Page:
2012 team, now a political consultant. Lola Ogunnaike, an anchor with
Arise 360 and joining them at the table, Congressman from New York, Dean of
the congressional delegation in New York, Congressman Charlie Rangel.
Thank you all for being here.

Congressman Rangel, let me start with you. Could this Benghazi issue, this
new story, could it backfire on Republicans and actually help Hillary

REP. CHARLES RANGEL (D), NEW YORK: There is no question about that, but,
you know, I`m more concerned about the accusation that the House of
Representatives and the Congress was used in violation of the
constitutional oath for political purposes. This is a very, very serious
allegation. No matter what we politicians try to do you`ll find some
political implications, but to have eight hearings and to have people
believe and that is Republicans, not partisan Democrats that the sole
purpose of this was not to find out how four American heroes lost their
lives, but to destroy a Democratic candidate is a very, very serious

CAPEHART: Now, these allegations are being, the committee is pushing back
hard against these allegations saying that in due time it will release what
its side of the story in all of this. Do you think that, leave aside
Hillary Clinton, what does this do, do you think, to the credibility of
Republicans running the House?

RANGEL: You know, they are taking on Democrats with them and they have
within their group a handful of Republicans that don`t mind destroying the
Republican Party, the Congress or even the president when we talk about
debt ceiling and other issues as it relates to the budget. And the only
reason that good people are running away from the speakership is because
they don`t mind taking them down politically and personally, so there`s
absolute chaos on their side and it`s really time for reporters and the
news media, and not to be concerned with what is exciting and what viewers
would like to see, but ask the question can a republic like the United
States of America long survive in the chaotic position and what impact
that`s got to have on our domestic and our national security programs. It
is very serious.

CAPEHART: You know, everyone is, we`ve been reporting, everyone`s
reporting, everyone wants Paul Ryan to do this, the congressman from
Wisconsin, the 2012 vice presidential nominee, chairman of House Ways and
Means. And you were a chairman of House Ways and Means. Why on earth
would he want to step into this mess as house speaker? Do you think he
should do it?

RANGEL: Isn`t it ironic that the most prized position that one can aspire,
third from the president of the United States, five people running away
from it? I told Paul before we left whatever he decided, I hope it would
be best for him and his family. However, as a politician when everything
that Paul Ryan is, is due to the Republican Party, it would seem to me that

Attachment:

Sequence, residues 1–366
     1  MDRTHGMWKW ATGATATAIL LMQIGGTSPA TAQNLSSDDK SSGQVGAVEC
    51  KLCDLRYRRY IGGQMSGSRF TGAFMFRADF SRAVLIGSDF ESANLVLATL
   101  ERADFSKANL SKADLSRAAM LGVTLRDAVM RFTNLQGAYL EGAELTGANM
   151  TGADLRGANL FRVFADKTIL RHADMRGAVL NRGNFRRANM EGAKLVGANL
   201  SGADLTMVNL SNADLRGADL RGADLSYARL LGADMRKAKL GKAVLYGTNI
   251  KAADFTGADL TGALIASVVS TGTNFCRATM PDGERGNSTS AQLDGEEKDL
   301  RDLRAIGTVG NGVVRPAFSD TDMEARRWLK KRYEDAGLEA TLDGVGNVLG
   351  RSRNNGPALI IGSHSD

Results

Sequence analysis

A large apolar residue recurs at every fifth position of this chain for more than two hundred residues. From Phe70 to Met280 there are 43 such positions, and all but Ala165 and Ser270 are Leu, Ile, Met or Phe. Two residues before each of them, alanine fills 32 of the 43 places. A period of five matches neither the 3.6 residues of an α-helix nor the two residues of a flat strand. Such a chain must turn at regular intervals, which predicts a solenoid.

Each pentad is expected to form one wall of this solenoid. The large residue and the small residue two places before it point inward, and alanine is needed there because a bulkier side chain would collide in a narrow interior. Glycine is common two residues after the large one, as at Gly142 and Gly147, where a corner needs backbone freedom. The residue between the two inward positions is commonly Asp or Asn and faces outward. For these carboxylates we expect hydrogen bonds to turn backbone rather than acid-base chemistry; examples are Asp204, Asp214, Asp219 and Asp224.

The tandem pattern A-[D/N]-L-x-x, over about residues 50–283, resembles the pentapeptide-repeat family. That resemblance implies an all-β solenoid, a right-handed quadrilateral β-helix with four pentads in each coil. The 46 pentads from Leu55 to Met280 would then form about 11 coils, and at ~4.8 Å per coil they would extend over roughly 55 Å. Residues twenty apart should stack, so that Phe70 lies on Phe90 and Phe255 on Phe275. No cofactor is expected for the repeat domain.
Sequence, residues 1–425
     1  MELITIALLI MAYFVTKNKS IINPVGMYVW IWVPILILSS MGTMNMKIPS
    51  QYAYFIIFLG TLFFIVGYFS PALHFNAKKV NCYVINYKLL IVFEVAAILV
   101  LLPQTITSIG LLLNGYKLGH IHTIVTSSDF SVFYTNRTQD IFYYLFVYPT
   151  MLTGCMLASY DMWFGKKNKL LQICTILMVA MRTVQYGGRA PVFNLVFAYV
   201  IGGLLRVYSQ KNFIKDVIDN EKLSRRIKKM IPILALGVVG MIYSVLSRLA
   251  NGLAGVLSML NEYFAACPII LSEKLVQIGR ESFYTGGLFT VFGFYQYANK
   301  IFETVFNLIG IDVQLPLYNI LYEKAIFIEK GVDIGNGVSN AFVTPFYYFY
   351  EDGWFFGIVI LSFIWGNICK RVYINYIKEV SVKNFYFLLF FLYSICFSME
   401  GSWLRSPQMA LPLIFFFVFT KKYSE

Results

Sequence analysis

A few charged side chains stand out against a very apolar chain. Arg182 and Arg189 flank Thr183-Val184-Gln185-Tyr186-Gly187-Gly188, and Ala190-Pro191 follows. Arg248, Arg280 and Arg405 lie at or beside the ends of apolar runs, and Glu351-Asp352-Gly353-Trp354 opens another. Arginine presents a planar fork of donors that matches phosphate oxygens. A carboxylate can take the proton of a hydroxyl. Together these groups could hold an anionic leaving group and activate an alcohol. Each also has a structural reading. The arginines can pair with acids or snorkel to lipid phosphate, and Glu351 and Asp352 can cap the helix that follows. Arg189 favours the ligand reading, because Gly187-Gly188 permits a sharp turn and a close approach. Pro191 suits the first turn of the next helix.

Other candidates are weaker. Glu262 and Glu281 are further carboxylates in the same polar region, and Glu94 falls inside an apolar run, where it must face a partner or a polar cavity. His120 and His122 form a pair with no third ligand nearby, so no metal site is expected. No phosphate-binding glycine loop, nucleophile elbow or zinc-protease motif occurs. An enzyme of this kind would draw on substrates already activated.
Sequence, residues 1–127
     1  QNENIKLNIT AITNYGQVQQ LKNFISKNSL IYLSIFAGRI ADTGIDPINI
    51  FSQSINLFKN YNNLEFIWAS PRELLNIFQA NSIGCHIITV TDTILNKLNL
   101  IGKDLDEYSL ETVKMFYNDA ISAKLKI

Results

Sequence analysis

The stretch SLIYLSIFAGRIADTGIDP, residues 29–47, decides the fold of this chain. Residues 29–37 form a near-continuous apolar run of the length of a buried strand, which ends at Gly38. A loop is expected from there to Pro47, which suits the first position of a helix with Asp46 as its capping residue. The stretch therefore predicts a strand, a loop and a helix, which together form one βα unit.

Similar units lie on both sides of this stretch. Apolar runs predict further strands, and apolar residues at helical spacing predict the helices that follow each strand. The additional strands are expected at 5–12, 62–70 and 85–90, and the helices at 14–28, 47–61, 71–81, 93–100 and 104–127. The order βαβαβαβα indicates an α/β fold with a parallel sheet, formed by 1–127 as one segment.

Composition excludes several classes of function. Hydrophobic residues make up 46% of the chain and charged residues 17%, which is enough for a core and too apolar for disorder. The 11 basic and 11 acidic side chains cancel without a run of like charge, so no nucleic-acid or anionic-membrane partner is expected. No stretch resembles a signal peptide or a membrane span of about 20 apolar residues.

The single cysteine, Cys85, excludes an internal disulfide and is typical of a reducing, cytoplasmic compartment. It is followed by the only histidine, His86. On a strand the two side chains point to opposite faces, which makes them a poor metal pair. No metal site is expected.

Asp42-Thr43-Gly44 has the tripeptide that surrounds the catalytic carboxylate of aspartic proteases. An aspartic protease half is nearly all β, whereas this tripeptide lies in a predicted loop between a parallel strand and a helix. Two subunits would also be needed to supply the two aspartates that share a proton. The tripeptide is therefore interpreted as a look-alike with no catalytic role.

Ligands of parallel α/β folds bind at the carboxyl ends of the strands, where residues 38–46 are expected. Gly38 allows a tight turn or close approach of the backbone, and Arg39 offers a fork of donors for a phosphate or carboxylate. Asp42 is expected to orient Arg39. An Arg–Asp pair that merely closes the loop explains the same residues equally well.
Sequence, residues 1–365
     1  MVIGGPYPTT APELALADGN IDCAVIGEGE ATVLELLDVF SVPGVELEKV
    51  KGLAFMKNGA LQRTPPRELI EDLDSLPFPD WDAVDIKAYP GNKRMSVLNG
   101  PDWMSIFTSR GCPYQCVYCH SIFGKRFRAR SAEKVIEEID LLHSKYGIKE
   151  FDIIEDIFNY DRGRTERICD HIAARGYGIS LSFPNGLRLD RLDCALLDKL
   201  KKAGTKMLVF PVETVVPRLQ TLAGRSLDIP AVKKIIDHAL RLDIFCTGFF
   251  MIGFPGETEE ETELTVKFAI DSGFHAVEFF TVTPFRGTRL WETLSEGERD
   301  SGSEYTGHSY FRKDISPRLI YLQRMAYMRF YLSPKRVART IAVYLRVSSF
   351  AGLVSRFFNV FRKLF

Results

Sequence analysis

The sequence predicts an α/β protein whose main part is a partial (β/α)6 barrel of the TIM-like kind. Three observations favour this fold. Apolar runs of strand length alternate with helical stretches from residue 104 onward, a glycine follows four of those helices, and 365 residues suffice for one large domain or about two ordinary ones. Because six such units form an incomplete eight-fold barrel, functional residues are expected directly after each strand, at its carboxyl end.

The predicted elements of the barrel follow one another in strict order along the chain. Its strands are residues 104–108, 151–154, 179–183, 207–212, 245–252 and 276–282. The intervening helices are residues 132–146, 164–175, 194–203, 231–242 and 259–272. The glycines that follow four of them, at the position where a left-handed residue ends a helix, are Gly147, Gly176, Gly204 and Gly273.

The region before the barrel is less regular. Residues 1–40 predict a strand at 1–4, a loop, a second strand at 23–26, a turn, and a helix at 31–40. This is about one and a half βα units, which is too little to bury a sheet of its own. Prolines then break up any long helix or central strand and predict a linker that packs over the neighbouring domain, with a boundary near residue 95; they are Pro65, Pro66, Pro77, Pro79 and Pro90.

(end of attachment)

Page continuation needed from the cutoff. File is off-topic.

a time when Republican Party needs him and someone so badly that he has a
political obligation and this idea about running for president we don`t
know what`s going to happen in 2016. It`s hard for anybody to plan their
future five years from now.

CAPEHART: Well, let me open it up to the table. And Kevin, let me bring
you in on this. Should Paul Ryan do this? He does have presidential
aspirations. Wouldn`t being House speaker in a position that does anyone
think that whoever is the next House speaker is actually going to survive
being House speaker with the way things are going? Why would Paul Ryan
want to willingly walk his career into the danger zone like that?

everybody wants him to. Paul is a really, really good guy. He`s a good
patriot, he`s been an outstanding member of the House of Representatives
and chairman of the committee, he was an outstanding candidate for the vice
presidential position. And I do think that he`s very conflicted, he`s got
a very young family back in Wisconsin. He wasn`t really prepared to spend,
you know, the kind of time away from his family that this job would
require. The vice presidency was a little different. He would have
brought his family to Washington with him. And so I do think he`s really
conflicted over it. My hunch is he will do it, because he`s that kind of a
guy that will step in and as Congressman Rangel said, you know, he`ll do
what the party needs and what the country needs at a really difficult time.

CAPEHART: You know, I hear that, Eleanor and Lola, but even though
everyone says basically that Paul Ryan is like, you know, this magician,
this savior for the party and for the House, him taking the position I`m of
the opinion that whoever takes the job Paul Ryan on anyone else is doomed
from the start.

LOLA OGUNNAIKE, ARISE 360: It`s clearly a thankless job, the job that
nobody wants. If the Republicans could outsource this job they would.


OGUNNAIKE: Unfortunately, they can`t. I think Paul Ryan will actually
take this job with the understanding that he`s doing a solid for the
Republican Party and in turn when push comes to shove and he needs them to
back him that they will be there for him but only with that understanding.

CAPEHART: Eleanor? What do you think?

CLIFT: I`m a fan of tipping points. I think it`s a point that the
Republicans in the Congress are going to rise up against this minority on
their side that is basically holding them hostage and the country hostage.
And I think there were reports that two members of the Tea Party caucus
have left.

CAPEHART: Yes, Congressman Dribbel (ph) was one. We had him on yesterday.

CLIFT: Right. Right. And so, we are assuming that if Paul Ryan takes
this position that he`ll be destroyed by the same minority. Well, maybe